Cactuses at dinner
Highly inhospitable desert areas are home to succulent plants, which are locally used although they are not a real economic resource here. The dried stalks of cactuses and the stems of the opuntia are stripped of their thorns and used in lightweight buildings in completely bare areas. Some desert plants are used as food: for instance the young stems of the opuntia are a traditional dish in Mexico and Texas.
The fruits of some species of cactus are also edible: the best known one is the fruit of the Opuntia ficus-indica (prickly pear) which, as other species of opuntia, is grown for its sweet fruits.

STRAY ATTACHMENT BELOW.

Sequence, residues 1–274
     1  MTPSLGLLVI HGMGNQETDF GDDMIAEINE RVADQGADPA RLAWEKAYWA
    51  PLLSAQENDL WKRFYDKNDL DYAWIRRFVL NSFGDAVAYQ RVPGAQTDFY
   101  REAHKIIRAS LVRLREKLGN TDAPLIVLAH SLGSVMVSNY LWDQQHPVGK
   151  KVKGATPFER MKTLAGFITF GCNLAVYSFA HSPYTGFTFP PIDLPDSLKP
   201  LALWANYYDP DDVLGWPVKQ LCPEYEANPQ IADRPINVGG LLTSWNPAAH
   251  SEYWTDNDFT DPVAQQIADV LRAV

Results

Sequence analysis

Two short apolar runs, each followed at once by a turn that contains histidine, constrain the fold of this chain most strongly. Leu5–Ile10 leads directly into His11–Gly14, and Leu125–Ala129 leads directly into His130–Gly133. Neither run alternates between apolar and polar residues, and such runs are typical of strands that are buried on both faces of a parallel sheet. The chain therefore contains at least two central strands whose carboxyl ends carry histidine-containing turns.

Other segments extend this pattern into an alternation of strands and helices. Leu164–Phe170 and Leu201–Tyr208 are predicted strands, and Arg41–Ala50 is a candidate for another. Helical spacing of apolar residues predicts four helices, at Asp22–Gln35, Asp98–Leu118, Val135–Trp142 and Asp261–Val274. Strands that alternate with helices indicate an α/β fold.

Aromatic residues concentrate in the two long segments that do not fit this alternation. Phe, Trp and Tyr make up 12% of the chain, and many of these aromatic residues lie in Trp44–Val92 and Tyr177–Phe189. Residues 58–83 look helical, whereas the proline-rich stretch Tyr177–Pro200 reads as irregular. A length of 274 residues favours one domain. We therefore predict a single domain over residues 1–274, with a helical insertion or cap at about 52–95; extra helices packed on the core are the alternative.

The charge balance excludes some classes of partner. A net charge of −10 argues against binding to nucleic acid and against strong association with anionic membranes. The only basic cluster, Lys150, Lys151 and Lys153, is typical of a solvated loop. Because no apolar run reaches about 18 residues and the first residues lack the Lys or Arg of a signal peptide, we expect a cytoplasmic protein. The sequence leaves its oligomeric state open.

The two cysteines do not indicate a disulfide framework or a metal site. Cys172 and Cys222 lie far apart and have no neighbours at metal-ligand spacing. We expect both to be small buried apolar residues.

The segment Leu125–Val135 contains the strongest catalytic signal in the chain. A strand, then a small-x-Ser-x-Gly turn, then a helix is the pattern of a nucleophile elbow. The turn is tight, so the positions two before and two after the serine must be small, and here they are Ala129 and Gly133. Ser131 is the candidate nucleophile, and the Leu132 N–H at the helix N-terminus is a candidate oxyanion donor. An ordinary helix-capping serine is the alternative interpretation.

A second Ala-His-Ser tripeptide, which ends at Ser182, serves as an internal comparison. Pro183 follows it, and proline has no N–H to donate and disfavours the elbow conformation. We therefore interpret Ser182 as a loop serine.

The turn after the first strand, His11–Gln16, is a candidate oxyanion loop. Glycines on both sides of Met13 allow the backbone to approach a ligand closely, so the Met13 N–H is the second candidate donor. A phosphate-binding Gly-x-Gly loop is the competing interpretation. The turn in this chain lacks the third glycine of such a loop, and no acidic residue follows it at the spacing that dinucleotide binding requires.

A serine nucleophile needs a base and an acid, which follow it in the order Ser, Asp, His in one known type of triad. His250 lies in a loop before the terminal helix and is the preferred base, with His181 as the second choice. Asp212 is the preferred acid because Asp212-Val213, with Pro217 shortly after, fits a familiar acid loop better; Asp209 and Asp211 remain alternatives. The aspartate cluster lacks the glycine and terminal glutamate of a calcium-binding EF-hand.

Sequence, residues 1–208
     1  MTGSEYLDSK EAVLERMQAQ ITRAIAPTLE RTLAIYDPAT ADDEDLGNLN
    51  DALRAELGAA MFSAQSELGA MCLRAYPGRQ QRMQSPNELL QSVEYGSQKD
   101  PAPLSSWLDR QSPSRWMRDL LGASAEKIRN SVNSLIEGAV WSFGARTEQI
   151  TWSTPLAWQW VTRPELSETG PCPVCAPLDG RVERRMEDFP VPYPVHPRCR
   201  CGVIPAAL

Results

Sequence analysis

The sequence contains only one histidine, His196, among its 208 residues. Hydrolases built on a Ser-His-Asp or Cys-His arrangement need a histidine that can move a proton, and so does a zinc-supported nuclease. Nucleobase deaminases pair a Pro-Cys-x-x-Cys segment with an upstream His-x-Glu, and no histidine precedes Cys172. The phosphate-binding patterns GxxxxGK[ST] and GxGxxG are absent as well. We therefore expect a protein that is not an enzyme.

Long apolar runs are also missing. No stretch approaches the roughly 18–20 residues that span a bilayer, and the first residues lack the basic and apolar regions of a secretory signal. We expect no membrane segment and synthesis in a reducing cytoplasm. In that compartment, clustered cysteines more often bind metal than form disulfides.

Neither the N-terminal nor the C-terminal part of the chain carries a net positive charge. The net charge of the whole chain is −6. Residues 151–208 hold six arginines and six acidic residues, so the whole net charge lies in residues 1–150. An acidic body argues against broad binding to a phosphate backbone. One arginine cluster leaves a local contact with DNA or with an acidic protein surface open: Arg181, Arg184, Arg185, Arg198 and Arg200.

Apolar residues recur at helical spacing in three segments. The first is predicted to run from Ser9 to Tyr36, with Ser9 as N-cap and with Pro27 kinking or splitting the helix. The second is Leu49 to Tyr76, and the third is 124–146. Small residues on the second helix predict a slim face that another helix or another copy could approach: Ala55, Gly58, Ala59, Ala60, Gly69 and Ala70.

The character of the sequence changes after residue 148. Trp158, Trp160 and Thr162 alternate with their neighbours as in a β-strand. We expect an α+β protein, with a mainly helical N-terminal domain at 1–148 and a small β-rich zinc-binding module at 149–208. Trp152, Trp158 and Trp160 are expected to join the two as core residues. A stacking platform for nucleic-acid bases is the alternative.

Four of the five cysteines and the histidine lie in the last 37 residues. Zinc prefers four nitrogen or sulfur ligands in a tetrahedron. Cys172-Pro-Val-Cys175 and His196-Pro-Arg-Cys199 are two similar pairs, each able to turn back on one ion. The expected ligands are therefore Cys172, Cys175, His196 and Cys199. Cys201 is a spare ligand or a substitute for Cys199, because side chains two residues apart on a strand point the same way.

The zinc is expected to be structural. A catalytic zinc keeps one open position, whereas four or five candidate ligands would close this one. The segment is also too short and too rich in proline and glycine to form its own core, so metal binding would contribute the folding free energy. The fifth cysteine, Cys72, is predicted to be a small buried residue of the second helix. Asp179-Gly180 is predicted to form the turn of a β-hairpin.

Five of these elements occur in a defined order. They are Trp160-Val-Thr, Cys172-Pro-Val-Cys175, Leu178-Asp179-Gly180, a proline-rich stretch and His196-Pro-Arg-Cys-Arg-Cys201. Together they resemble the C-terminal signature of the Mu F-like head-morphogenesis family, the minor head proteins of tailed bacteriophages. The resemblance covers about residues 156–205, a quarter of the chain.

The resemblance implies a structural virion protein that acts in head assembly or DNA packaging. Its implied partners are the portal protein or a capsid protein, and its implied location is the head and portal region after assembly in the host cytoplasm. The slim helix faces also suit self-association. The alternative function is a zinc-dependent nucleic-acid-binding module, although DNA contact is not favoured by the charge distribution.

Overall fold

The fruits of the date palm (Phoenix dactilifera) of the Saharan and Middle Eastern oases have a high energy content and can be eaten either fresh or preserved. Each palm tree can yield 80 to 150 Kg of dates a year. But other parts of this tree are used as well: its trunk for instance is used as fuel and in building, as a substitute of beams in houses; its leaves are used to build mud huts and windbreak hedges. As well as date palms, vegetables, pulses, cereals, almond trees, olive trees, citrus trees and fig trees are also grown in oases.